Wednesday, February 8, 2023
Child Welfare Requires Adequate Remedial Services
Raymond C O'Brien (Catholic University of America), Child Welfare Requires Adequate Remedial Services, 92 Miss. C.L. Rev. at 107 (2022):
Each year an increasing number of minors are determined to be at risk of harm because of the abuse or neglect of their parents. Until recently, the vast majority of these minors were involuntarily removed from the custody of their parents and placed with relative foster care, nonrelative foster care, or group homes. Removal is always traumatic for the child and family, often augmented by unjust racial or economic stereotyping. This is especially true when removal is prompted by allegations of the suspicion of imminent abuse, anticipatory neglect, or what is most often termed predictive neglect. That is, even though there is no actual harm committed, there is a preponderance of the evidence that, based on conditions, circumstances, or associations, there is an imminent—predictive—risk of abuse or neglect of a child. Facts illustrate that a disproportionate percentage of these at-risk children identified are Native American, African American, or Hispanic and, as such, are unduly susceptible to discriminatory stereotypes associated with families of single parents, poor parents, parents adversely affected by mental illness, substance abuse, or simply erratic parenting skills. Until recently, federal financial support for state services offered to parents to correct the cause of the removal could only be obtained if the child were removed from the parents’ custody and the parents qualified for remedial services. Upon removal, the parents were offered services in accordance with a state-proposed parenting plan designed to correct actual or predictive neglect, but time limits were imposed, which heightened the anxiety caused by enforced parent- child separation, and in some cases, the looming possibility of termination of parental rights. Then, in 2018, Congress passed the Family First Prevention Services Act (“Family First”), which made federal funds available to states to pay for in-home remedial services and discouraged states from planning permanent placements with persons other than the parents of the child. Many laud the new legislation as a major innovation, but others argue it does not do enough to support prevention services, fund innovative remedial services, or support states seeking to address perennial risk factors through community involvement.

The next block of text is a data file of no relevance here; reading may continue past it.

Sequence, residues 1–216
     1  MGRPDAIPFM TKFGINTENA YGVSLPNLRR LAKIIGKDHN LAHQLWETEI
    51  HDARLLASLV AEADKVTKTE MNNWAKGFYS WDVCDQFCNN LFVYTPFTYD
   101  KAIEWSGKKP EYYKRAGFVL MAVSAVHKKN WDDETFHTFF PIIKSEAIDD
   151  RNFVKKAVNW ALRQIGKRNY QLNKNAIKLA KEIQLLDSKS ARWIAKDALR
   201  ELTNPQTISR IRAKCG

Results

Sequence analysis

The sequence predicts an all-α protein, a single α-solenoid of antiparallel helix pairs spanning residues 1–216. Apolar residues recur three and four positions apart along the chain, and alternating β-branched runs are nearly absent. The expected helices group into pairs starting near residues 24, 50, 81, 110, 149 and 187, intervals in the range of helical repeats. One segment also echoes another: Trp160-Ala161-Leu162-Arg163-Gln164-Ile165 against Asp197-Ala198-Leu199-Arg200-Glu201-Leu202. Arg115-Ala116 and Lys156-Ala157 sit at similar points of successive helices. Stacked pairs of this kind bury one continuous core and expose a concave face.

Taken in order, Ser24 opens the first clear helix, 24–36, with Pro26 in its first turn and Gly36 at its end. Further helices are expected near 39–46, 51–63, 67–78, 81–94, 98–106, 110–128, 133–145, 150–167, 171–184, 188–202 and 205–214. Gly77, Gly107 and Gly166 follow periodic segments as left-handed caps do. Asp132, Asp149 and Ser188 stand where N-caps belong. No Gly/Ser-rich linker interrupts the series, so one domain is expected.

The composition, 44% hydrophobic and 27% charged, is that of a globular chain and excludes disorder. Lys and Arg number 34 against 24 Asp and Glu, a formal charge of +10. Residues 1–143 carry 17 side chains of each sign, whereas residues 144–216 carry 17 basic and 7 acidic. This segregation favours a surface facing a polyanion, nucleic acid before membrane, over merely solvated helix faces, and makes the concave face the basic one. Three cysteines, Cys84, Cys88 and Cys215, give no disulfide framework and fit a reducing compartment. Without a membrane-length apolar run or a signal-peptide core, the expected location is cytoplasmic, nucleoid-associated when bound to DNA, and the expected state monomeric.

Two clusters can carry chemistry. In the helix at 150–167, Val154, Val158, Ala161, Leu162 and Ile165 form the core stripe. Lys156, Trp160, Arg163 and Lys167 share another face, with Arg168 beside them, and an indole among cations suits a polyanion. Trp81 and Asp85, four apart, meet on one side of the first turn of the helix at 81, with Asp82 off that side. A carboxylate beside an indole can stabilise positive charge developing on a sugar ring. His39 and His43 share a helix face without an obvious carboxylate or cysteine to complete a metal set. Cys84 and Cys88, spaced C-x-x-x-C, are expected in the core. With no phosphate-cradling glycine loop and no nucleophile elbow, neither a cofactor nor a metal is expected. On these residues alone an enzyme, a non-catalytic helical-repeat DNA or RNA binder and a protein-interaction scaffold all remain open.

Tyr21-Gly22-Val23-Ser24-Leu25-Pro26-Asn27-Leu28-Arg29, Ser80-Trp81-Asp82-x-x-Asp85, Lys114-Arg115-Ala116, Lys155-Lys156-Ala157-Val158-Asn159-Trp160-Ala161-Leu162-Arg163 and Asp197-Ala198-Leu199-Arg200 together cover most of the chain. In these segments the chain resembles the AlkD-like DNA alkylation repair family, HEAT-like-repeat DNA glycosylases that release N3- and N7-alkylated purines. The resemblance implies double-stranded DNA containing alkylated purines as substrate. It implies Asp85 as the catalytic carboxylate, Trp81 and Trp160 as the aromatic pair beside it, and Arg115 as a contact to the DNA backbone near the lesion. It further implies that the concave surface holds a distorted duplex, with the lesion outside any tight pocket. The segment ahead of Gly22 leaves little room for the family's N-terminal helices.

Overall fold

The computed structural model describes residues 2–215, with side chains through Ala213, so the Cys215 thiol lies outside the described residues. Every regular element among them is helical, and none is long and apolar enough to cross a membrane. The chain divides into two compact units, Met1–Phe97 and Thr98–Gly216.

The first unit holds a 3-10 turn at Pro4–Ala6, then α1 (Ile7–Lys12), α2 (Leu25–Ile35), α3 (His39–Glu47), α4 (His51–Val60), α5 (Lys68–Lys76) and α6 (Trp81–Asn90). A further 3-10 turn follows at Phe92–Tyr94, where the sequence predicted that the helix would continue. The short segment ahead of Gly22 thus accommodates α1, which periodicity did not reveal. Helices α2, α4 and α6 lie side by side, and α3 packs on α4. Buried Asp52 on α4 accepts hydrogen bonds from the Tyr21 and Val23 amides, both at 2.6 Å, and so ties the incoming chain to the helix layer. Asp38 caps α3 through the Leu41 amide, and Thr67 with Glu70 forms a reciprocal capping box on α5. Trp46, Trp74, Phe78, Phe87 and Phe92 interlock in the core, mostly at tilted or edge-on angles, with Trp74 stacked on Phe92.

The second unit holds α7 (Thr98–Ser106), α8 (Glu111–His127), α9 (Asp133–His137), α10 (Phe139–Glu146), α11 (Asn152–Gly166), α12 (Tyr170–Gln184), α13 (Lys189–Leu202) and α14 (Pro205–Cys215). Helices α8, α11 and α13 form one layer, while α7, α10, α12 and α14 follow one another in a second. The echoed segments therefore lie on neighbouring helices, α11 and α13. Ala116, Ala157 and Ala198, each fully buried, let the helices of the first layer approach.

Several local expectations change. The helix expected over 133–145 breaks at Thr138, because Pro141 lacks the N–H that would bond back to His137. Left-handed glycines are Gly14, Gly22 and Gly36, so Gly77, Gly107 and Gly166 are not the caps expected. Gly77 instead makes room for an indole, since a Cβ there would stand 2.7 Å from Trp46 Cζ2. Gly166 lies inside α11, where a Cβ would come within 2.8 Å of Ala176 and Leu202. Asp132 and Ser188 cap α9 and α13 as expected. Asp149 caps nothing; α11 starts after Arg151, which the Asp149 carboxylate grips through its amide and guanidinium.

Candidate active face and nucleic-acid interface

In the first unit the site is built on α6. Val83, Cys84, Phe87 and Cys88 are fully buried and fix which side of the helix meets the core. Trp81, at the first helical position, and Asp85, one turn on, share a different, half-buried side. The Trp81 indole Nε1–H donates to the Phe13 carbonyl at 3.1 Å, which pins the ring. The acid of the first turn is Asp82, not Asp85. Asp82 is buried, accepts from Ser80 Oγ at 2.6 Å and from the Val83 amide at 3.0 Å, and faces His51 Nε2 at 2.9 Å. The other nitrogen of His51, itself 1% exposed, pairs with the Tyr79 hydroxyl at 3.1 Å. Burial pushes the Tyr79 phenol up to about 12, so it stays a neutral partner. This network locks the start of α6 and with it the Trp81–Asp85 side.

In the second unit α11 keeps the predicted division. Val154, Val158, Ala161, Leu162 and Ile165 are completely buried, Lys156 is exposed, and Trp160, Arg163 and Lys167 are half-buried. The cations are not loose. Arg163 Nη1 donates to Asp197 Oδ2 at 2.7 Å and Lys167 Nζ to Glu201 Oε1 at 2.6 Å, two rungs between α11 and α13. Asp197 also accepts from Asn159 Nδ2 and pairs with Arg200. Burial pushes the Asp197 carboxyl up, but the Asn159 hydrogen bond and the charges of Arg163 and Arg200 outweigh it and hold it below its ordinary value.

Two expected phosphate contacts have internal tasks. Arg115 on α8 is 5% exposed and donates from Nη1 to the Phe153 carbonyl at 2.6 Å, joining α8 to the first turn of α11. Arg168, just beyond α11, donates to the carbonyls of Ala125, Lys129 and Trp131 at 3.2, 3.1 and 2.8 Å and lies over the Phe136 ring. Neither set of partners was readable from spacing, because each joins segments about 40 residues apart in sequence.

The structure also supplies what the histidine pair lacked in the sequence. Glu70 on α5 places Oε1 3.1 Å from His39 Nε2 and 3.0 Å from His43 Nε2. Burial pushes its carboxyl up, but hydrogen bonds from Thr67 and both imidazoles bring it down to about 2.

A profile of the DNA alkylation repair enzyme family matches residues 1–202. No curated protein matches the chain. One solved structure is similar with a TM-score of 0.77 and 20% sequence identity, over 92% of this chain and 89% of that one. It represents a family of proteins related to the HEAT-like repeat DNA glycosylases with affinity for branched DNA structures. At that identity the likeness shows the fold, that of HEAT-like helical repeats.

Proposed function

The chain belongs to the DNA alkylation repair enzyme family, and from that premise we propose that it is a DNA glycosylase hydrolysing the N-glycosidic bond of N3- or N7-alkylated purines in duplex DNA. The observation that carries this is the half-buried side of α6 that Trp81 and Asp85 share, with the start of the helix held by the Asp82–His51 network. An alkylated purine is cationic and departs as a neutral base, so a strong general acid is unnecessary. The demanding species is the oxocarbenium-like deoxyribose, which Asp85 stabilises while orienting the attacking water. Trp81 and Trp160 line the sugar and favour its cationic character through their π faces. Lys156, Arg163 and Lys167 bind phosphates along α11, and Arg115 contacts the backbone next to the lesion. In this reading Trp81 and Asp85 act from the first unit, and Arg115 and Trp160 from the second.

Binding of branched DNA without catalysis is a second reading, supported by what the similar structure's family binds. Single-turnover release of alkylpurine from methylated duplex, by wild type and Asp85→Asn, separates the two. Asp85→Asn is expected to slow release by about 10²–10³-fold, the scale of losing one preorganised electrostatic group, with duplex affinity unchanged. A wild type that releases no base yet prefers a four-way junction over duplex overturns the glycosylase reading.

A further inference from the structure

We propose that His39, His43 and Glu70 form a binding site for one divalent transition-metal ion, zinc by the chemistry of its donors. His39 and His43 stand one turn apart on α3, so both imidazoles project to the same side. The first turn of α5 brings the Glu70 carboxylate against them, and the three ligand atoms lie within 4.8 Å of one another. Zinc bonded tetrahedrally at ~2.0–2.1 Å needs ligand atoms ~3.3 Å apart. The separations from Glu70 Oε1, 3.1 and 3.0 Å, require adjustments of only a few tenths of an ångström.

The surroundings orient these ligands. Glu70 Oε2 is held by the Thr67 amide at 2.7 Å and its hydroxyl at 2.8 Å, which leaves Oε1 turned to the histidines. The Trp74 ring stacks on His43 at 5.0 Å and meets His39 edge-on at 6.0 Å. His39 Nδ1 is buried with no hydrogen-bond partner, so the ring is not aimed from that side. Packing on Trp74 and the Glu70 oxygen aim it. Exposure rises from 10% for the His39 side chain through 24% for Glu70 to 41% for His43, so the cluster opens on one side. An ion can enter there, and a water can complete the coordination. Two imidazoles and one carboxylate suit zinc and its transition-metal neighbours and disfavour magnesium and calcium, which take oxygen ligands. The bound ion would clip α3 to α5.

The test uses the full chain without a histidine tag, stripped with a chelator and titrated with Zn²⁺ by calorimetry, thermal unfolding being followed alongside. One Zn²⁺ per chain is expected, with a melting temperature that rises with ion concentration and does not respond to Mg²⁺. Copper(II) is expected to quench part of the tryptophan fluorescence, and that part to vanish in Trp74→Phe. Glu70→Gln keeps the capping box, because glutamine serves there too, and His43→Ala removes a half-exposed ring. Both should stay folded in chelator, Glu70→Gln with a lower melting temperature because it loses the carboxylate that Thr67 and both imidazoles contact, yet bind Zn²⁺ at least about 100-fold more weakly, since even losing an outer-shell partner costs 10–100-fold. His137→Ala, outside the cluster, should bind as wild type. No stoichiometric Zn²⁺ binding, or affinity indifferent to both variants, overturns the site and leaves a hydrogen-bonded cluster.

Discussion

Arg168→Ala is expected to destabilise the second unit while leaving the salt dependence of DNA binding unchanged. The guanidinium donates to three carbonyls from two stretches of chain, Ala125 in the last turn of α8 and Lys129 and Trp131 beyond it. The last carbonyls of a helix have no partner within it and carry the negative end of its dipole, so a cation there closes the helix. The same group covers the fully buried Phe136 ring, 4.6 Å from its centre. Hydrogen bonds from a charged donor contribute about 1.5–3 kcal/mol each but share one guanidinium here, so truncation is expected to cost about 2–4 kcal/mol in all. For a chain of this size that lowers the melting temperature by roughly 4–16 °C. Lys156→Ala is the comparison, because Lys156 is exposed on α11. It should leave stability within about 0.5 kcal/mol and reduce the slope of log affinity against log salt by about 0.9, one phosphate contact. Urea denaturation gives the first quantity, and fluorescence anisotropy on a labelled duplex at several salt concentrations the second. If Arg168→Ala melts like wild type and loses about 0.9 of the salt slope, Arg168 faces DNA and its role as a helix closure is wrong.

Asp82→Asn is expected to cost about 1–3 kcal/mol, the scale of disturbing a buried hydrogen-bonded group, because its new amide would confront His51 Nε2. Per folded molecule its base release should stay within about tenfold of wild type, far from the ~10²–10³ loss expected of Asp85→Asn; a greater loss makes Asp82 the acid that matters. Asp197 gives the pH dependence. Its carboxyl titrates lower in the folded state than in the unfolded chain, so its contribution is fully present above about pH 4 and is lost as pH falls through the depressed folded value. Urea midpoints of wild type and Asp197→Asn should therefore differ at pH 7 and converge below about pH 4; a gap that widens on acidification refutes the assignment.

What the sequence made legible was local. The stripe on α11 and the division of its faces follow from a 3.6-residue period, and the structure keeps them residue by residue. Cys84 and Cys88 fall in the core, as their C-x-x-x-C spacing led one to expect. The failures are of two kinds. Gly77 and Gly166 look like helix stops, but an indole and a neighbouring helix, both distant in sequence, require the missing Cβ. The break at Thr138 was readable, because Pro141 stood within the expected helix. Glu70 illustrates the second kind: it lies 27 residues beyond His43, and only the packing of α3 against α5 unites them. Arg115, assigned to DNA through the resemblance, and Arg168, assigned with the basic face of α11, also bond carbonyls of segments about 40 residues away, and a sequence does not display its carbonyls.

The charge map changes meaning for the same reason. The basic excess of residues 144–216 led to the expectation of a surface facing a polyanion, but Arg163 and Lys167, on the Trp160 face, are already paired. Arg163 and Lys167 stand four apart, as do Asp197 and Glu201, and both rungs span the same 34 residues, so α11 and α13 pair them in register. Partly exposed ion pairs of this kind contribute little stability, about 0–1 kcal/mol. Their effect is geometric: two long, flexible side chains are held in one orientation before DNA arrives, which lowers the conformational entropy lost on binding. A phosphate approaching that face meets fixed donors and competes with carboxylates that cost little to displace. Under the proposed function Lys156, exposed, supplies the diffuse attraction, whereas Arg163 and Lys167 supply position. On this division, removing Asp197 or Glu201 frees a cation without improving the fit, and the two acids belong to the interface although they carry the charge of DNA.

This Article argues that Family First is neither good nor bad. Rather, the federal legislation focuses renewed attention on the significant number of children at risk of abuse or neglect and on asking what more can be done to promote child welfare. To illustrate the extent of this legislation, this Article first discusses the parameters of child endangerment, the statistical profile of affected minors and their parents. Parents of color, disproportionately involved in involuntary removal and often termination of parental rights are particularly susceptible to identifiable risk factors. Predictive neglect offers an illustration of how stereotypes may thwart the Due Process rights of these parents.
Second, this Article discusses the context and impact of selected federal legislation, including the Family First Prevention Services Act, which incentivizes states to update infrastructure and develop new remedial services to assist families. The 2018 legislation is a significant departure from the approach of the Adoption and Safe Families Act (1997), which prioritized the removal of children from parents, but both approaches are dependent upon the adequacy of state remedial services offered to families prior to and after risk warrants state intervention.
Third, this Article argues that Family First’s funding of in-home services is a welcome addition to the arsenal of tools used to promote child welfare, but it does not adequately address what is needed most, which remains funded community-based prevention personnel and programs and innovative parenting plans to provide adequate remedial services. Rather than discussing the merits of Family First, this Article concludes that it best serves as another clarion call to concretely fund state efforts to adequately address domestic violence, the consequences of poverty, drug and alcohol dependency, and a shortage of continuing caseworkers—who must be adequately paid and supported. Until this is done, the adequacy of child welfare preventative and remedial services remains unsatisfied.